“Nobody’s been able to do what I’ve been able to do… Nobody’s been able to do anything like this. Actually, most people didn’t even try because they knew they didn’t have the ability to do it.” – President Donald Trump, “60 Minutes” interview, Oct. 15, 2018.
He’s right. Few politicians have the ability to chase away a capable, well-regarded defense secretary, order thousands of U.S. troops out of Syria and Afghanistan, instigate a government shutdown, help foment a deep stock market swoon and share a video of themselves dressed in overalls and singing “Green Acres” to promote a farm bill – all in the same day.
Fewer still choose to go into full whirling dervish mode when they’re already swamped with law enforcement investigations and the opposition party is weeks away from assuming oversight and investigative powers that promise to make each day at the office even more harried and nettlesome.
Then again, as Thursday’s events reinforced, Donald Trump is that most singular of political types: Someone fully capable of burning down everything around him if they feel cornered.
Trump is a portrait of a president willing to gamble away national security, sound foreign policy and rational leadership in exchange for being able to shake his rattle on the world stage. That’s certainly something Defense Secretary James Mattis spotted, and which he apparently couldn’t stomach, so he resigned.
“My views on treating allies with respect and also being clear-eyed about both malign actors and strategic competitors are strongly held and informed by over four decades of immersion in these issues.” Mattis told Trump in his resignation letter. “We must do everything possible to advance an international order that is most conducive to our security, prosperity and values, and we are strengthened in this effort by the solidarity of our alliances. Because you have the right to have a Secretary of Defense whose views are better aligned with yours on these and other subjects, I believe it is right for me to step down from my position.”
The significance of those parting words was immediate. “There’s going to be an intervention,” a former senior member of the Trump administration told the Washington Post. “Jim Mattis just sent a shot across the bow. He’s the most credible member of the administration by five grades of magnitude. He’s the steady, safe set of hands. And this letter is brutal. He quit because of the madness.”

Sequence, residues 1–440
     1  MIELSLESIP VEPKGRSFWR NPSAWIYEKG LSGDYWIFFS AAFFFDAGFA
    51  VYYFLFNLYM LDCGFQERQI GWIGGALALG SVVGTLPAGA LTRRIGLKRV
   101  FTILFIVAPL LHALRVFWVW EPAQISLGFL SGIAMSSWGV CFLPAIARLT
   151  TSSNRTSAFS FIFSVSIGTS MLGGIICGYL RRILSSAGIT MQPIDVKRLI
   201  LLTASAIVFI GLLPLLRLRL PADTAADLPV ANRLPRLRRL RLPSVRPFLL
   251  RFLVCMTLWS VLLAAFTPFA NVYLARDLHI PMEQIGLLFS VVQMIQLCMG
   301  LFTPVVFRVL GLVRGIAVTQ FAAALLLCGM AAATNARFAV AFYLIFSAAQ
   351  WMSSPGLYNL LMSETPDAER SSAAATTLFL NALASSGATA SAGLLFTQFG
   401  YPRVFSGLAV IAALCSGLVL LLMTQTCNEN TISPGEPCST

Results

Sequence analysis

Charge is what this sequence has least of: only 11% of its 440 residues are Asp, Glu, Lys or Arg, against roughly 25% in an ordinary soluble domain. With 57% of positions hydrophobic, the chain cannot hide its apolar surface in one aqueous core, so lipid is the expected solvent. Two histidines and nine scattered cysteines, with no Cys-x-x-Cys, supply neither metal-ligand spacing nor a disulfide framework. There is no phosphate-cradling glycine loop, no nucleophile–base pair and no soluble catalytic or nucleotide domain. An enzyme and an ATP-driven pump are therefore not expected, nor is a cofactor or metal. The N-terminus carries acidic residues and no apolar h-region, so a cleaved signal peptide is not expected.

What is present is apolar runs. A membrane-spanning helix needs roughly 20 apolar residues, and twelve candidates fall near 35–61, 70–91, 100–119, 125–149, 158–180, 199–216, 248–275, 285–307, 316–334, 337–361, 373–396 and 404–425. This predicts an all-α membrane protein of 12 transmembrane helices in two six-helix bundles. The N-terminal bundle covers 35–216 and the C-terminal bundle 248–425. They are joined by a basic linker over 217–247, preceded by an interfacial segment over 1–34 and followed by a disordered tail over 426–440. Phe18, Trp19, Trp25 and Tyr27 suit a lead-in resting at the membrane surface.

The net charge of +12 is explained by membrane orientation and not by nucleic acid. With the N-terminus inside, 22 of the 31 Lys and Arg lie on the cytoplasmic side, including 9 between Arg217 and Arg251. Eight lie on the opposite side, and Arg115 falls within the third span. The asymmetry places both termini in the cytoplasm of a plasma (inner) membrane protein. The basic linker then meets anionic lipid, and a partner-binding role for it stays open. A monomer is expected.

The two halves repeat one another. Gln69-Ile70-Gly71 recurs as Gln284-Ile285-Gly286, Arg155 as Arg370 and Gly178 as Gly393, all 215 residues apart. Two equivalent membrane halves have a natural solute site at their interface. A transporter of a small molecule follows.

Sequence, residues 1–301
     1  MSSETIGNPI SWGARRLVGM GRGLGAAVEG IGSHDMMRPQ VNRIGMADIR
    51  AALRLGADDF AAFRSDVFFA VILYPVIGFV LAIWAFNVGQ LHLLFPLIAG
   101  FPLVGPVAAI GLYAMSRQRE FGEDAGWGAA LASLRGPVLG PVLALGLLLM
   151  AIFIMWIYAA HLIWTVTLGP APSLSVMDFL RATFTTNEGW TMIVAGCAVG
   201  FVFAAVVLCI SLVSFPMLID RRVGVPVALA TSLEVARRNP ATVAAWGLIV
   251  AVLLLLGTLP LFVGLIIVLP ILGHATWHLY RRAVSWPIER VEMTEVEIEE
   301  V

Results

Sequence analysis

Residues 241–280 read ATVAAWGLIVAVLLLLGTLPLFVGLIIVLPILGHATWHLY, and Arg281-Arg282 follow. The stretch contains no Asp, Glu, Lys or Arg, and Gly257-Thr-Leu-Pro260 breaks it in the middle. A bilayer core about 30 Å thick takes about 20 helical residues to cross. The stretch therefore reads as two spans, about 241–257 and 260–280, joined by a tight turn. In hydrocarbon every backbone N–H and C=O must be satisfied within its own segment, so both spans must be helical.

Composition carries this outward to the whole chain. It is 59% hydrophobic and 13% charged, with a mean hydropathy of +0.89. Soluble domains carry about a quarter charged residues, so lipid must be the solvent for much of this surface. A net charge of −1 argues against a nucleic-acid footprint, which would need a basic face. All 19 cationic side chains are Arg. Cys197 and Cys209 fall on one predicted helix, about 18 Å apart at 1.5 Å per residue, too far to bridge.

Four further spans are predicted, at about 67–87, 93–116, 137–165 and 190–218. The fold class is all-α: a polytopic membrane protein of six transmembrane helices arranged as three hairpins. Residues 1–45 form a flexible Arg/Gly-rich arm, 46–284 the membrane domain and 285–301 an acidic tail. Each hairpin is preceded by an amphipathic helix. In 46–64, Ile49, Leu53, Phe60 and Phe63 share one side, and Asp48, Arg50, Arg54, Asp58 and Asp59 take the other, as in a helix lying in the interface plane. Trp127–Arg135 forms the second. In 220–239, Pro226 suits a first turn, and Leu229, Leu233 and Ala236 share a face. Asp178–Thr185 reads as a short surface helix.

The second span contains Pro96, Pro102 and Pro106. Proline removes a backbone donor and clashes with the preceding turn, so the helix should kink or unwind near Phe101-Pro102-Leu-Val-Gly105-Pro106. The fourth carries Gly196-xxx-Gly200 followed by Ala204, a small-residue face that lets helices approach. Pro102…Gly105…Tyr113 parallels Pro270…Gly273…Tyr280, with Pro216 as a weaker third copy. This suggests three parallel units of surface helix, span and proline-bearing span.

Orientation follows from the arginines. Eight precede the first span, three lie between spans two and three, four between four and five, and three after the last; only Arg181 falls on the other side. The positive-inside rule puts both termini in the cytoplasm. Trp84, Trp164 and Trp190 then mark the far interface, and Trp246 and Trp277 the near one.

Mattis’s departure early next year comes after the White House exits of other relative grownups such as Gary Cohn, H.R. McMaster, John Kelly and Rex Tillerson. That leaves the president’s daughter, Ivanka Trump, and his son-in-law, Jared Kushner, as the only White House advisers able to withstand the vicissitudes of a president who doesn’t listen to advice and only truly trusts his closest family members, but who lacks the sophistication to recognize that “Javanka” are tragi-comically out of their depth.
Don’t count on adult supervision coming from the president’s Republican enablers in Congress, either. Senate Majority Leader Mitch McConnell took to Twitter on Thursday night to bemoan Mattis’s resignation, while pretending that he hasn’t spent years pouring gasoline on the Washington dumpster fire that helped give rise to Trump. Paul Ryan also bemoaned Washington’s sorry state as he bid farewell to his role as Speaker of the House. But he’s done little to stand up to Trump.
Meanwhile, we must all take comfort in the fact that the president continues to recruit and retain only the “best people” for the White House. “You look at my cabinet members, we have really great cabinet members,” he reassured a group of Bloomberg News reporters in August. “There are those that say this is the best cabinet ever assembled.”
Timothy L. O’Brien is the executive editor of Bloomberg Opinion.